There are manuals about how to write, what to write, and where to write, but a bigger question for me is WHEN to write.
Often our lives get so busy that even when writing is a full time job, it’s easy to set it aside to take care of “more pressing matters.” Enough procrastinating like that and the work never gets done, so it’s important to find your best time of day to write, block it off, and try for as few interruptions as possible. (Yes, that means logging off of Facebook!)
But when is the right time?
Most people say that it’s best to write first thing in the morning. You have more willpower (your energy hasn’t been diminished by other tasks), the creative part of your brain is more active after sleep, and that time of day is quieter and less hectic than the rest of your day.
But writing in the morning might not be the best move for everyone.
What if you’re not a morning person?
As Kevan Lee writes, Mareike Wietha and Rose Zacks conducted a study where they found that morning people best solved problems in the evening, while night owls were the reverse. Lee adds,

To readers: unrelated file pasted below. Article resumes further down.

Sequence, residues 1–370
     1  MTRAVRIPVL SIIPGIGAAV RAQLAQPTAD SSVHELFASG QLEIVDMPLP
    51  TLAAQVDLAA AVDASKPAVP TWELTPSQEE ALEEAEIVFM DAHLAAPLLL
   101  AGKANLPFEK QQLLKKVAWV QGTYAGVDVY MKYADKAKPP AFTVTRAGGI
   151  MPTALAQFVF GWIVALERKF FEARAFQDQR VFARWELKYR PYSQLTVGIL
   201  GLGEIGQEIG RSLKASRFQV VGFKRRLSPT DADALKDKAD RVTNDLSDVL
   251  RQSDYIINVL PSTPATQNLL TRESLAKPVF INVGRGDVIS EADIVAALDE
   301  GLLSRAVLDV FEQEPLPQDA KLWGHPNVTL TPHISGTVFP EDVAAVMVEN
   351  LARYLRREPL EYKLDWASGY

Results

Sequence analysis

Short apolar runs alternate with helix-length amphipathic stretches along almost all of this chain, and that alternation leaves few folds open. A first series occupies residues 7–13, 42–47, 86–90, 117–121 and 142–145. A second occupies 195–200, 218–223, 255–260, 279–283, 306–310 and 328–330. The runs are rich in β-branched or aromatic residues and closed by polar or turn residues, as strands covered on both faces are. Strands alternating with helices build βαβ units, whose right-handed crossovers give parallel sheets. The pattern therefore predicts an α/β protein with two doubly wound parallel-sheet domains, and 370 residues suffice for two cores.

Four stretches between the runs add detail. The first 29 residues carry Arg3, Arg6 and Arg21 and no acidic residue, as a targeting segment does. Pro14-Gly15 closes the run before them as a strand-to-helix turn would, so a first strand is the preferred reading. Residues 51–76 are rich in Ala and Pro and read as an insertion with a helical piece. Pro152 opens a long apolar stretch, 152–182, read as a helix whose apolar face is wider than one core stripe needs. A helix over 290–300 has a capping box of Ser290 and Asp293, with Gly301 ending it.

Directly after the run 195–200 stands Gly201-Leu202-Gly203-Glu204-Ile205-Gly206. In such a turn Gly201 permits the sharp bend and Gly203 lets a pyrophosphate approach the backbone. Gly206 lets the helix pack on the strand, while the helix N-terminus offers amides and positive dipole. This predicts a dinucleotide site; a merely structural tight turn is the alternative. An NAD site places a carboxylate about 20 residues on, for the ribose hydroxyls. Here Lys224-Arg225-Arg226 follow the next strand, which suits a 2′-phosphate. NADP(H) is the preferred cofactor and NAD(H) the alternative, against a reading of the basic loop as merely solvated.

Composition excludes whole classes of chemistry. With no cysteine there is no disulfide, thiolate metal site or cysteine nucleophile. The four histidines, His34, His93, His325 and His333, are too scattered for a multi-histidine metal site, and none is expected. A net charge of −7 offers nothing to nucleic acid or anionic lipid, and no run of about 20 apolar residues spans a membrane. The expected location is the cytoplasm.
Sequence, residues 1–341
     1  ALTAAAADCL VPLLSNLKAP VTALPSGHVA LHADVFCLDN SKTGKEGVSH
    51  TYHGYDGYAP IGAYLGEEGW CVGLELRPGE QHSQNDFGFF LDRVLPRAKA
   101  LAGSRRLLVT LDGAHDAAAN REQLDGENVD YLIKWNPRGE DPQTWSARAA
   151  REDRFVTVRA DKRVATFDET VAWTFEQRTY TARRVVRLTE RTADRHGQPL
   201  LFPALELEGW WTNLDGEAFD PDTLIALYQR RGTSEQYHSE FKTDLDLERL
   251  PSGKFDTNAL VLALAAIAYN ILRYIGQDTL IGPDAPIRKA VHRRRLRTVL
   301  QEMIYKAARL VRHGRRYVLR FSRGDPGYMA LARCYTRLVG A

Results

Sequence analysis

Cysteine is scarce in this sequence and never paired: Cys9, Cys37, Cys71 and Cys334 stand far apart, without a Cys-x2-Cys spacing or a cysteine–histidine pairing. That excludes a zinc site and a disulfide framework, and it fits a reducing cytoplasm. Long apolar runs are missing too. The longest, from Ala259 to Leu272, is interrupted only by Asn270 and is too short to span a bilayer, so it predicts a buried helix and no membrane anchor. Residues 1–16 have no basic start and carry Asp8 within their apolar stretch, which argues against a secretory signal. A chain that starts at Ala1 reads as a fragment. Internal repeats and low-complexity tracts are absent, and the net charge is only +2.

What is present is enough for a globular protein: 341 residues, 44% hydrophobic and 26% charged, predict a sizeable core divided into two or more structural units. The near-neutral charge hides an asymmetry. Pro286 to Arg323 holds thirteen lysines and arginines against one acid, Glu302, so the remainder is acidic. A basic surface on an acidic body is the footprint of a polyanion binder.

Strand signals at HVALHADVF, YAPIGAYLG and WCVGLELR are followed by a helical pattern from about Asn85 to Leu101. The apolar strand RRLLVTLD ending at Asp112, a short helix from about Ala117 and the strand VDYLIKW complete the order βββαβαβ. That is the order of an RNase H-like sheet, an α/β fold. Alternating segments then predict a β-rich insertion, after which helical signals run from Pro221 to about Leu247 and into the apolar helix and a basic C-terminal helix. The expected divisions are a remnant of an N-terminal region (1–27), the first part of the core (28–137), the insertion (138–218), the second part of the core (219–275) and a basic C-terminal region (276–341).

The theory goes that as our minds tire at our suboptimal times then our focus broadens. We are able to see more opportunities and make connections with an open mind. When we are working in our ideal time of day, our mind’s focus is honed to a far greater degree, potentially limiting our creative options.
What’s the bottom line?
Even if you don’t know what time of day works best for you, just try to be consistent. By training your brain to be in the writing mindset during a particular point of time, you’ll be able to jump back into writing quicker.
What time of day has worked best for your writing? How do you keep yourself consistent and focused?